I’m just watching the Iridium-6/GRACE-FO launch from SpaceX.

Before the launch they showed a video of the Iridium satellite network and in this mission they deployed 5 additional satellites into LEO.

They are at 500km altitude and moving at 27000km/h.

They deploy one satellite from the second stage and then wait 100 seconds for each subsequent satellite deployment.

But... surely each satellite is still moving at that release speed and in the same direction. So are all of these satellites going to be orbiting in a tiny group all nestled together? That doesn’t seem right...?

How does this deployment pattern end up with a spread out network of satellites?

I guess they don’t have enough propulsion on board to significantly alter their orbit? Or do they?

  • 2
    $\begingroup$ Similar questions here and here. $\endgroup$
    – Chris
    May 22, 2018 at 21:44
  • $\begingroup$ If you play KSP and want to do a fun mission, try to make a launch vehicle with 2 separate satellites at the tip of it. Once you hit ~500km orbit, detach one satellite, and immediately perform a retrograde burn to get its perapsis to 100km. Switch back to your "satellite deployer" and wait until you're at the exact opposite point and release the second one, also burning down to 100km on the perapsis. You'll see why this is done :). $\endgroup$ Jul 23, 2018 at 13:41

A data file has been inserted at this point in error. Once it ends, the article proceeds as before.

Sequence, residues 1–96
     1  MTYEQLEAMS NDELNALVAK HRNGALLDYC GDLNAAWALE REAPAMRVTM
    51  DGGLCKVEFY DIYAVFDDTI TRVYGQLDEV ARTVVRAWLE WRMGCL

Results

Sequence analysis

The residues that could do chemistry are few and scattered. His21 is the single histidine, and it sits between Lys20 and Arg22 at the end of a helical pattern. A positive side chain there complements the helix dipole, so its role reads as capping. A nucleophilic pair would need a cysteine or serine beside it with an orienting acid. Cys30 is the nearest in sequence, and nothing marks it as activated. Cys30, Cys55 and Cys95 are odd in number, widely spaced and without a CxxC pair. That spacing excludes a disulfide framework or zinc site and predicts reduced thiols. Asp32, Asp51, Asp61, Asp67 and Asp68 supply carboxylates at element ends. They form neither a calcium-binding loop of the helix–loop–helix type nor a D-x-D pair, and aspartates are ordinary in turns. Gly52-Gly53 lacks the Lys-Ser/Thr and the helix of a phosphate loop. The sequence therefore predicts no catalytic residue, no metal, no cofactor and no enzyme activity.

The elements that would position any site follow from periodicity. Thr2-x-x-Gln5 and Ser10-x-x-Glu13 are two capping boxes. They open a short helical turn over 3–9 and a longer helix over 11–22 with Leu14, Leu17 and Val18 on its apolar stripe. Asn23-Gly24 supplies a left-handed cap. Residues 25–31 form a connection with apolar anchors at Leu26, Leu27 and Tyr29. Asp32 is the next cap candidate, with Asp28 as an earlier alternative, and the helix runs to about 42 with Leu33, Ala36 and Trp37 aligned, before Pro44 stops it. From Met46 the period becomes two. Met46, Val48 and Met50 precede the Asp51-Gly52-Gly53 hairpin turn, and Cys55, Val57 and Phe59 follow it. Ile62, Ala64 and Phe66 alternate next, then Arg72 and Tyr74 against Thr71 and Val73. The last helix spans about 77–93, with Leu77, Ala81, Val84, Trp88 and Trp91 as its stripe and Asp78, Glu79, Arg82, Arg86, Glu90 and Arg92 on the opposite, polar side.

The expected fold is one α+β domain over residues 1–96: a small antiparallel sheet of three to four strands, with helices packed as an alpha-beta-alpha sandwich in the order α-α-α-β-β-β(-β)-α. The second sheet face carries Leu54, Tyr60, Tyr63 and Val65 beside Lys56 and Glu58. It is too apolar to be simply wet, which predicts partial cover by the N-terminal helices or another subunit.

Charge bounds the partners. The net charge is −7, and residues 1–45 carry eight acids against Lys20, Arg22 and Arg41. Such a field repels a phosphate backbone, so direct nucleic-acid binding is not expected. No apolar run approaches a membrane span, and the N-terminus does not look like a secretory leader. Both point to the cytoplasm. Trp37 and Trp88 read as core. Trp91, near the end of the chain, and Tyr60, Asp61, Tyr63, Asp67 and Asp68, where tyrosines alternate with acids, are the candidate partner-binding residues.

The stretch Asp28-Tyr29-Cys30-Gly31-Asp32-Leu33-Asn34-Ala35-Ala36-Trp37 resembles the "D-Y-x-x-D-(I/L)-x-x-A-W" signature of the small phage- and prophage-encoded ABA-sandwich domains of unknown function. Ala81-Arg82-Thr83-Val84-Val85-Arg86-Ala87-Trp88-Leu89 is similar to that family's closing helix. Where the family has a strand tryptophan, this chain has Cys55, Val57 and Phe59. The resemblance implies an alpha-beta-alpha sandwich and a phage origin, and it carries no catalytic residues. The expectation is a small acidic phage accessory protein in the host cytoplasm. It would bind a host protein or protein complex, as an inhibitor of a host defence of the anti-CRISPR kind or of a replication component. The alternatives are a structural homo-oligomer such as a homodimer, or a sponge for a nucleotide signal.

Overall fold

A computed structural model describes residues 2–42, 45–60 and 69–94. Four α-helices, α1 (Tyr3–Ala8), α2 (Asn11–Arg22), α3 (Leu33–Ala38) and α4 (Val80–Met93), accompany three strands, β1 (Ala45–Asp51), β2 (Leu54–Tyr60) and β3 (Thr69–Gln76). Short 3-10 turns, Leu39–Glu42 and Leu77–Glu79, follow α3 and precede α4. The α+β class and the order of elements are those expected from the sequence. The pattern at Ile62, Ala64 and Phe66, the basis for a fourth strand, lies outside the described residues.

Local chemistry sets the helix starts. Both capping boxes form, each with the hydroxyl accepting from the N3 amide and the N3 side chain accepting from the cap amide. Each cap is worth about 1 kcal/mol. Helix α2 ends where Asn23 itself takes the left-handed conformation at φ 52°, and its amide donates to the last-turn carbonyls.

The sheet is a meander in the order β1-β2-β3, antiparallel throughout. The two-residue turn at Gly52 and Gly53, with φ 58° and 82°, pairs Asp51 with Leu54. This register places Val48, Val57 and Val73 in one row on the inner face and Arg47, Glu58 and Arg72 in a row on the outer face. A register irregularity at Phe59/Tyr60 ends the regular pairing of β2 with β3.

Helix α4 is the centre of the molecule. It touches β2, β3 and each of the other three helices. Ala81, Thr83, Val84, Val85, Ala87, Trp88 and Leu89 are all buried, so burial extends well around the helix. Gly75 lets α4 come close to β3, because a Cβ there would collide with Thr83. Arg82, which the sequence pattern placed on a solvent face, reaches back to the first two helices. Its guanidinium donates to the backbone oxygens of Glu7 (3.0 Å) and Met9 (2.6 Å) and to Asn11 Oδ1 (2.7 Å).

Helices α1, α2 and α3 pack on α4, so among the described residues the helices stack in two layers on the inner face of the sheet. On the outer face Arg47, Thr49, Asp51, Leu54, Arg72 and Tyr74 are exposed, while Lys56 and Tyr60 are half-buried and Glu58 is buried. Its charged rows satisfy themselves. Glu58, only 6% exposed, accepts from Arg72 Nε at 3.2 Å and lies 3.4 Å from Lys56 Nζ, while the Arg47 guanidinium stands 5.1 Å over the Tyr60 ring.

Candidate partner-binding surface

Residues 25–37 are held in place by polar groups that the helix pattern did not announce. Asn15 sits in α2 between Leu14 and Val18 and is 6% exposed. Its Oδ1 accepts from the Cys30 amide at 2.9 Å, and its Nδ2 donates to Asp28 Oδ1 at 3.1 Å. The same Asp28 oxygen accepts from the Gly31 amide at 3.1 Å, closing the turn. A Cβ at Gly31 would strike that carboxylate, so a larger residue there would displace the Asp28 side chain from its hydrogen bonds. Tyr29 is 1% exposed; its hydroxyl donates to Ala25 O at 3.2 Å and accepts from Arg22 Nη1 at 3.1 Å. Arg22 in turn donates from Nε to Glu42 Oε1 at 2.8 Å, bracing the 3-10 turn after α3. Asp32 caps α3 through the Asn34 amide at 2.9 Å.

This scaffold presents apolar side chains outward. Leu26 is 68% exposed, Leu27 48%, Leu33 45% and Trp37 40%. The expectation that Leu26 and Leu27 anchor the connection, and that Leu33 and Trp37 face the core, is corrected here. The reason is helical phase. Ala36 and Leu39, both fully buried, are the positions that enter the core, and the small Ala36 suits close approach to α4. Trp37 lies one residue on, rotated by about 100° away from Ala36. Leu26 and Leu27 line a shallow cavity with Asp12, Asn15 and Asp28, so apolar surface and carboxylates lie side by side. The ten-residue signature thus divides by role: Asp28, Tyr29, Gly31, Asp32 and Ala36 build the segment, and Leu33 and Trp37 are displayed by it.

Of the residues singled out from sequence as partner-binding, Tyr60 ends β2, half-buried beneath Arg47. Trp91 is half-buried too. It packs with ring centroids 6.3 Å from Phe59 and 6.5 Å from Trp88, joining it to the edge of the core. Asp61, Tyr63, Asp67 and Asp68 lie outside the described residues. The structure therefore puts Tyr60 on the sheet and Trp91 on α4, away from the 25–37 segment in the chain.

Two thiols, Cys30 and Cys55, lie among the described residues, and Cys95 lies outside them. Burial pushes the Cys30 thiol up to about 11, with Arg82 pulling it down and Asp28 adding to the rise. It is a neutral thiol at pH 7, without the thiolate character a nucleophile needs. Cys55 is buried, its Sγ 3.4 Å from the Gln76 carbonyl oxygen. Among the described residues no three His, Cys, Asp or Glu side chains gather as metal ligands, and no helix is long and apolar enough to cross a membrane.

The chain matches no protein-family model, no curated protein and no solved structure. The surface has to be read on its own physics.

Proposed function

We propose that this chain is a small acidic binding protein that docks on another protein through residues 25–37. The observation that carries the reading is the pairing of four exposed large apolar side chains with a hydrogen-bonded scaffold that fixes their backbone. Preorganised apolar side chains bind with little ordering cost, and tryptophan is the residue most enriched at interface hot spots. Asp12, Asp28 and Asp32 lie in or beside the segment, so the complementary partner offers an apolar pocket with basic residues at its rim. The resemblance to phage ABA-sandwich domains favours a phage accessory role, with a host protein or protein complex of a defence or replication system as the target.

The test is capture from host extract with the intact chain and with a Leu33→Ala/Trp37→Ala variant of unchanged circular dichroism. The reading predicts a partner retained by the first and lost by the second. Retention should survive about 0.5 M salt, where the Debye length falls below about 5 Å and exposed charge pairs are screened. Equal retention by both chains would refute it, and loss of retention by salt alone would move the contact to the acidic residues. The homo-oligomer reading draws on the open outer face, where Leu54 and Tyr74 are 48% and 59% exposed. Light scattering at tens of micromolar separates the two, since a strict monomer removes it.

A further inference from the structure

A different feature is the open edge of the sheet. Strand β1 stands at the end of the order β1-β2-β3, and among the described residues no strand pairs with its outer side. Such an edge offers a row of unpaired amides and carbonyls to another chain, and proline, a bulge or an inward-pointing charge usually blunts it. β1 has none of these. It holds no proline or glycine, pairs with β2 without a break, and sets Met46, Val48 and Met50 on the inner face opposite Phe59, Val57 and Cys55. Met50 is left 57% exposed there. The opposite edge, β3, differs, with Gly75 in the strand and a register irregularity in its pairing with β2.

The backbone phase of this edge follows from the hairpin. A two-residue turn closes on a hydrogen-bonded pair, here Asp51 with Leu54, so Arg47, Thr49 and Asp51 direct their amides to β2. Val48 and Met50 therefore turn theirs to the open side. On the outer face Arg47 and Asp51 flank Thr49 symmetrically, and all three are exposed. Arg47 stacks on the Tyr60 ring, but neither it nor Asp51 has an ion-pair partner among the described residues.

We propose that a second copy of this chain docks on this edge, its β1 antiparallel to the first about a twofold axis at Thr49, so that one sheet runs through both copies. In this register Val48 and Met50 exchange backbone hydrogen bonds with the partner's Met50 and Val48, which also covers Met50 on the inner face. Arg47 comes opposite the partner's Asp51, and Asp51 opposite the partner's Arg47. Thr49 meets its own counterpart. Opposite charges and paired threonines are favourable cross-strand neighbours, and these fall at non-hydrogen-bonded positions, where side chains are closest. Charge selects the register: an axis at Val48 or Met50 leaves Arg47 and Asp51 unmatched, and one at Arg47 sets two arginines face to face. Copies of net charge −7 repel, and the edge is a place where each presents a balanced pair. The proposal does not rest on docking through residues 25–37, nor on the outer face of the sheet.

2 Answers 2


While significant orbital changes generally require a lot of propellant, it takes very little propulsion to move to a different relative position along the same orbital path. To advance ahead of your sibling satellite, you burn retrograde (counterintuitively) briefly, which lowers the opposite side of your orbit, making the orbital ellipse smaller and faster. One complete orbit after the burn, you're back where you made the burn, but you've gotten there faster than your sibling did. You then perform a burn opposite to the one you started with, that is, prograde, and you're back on the same path, just further ahead of where you would have been.

If you want to be further ahead still, you just wait several orbits before making the counter burn. You can make the initial burn arbitrarily small if you're willing to wait a long time to take your final relative position.

  • 1
    $\begingroup$ Nice explanation on the retrograde/prograde burns! Now I imagine satellites passing each other using "the inside line" as if they were on Daytona 500 :)) $\endgroup$
    – BlueCoder
    May 23, 2018 at 9:26
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    $\begingroup$ Thanks very much! Makes perfect sense :-) I actually saw a video from Scott Manley just the other day explaining the retrograde thrust to get ahead. $\endgroup$
    – Fogmeister
    May 23, 2018 at 11:46

Actually, the Iridium satellites don't stay in their insertion orbit, but travel to a higher altitude in several steps. I have posted an answer to a similar question here.


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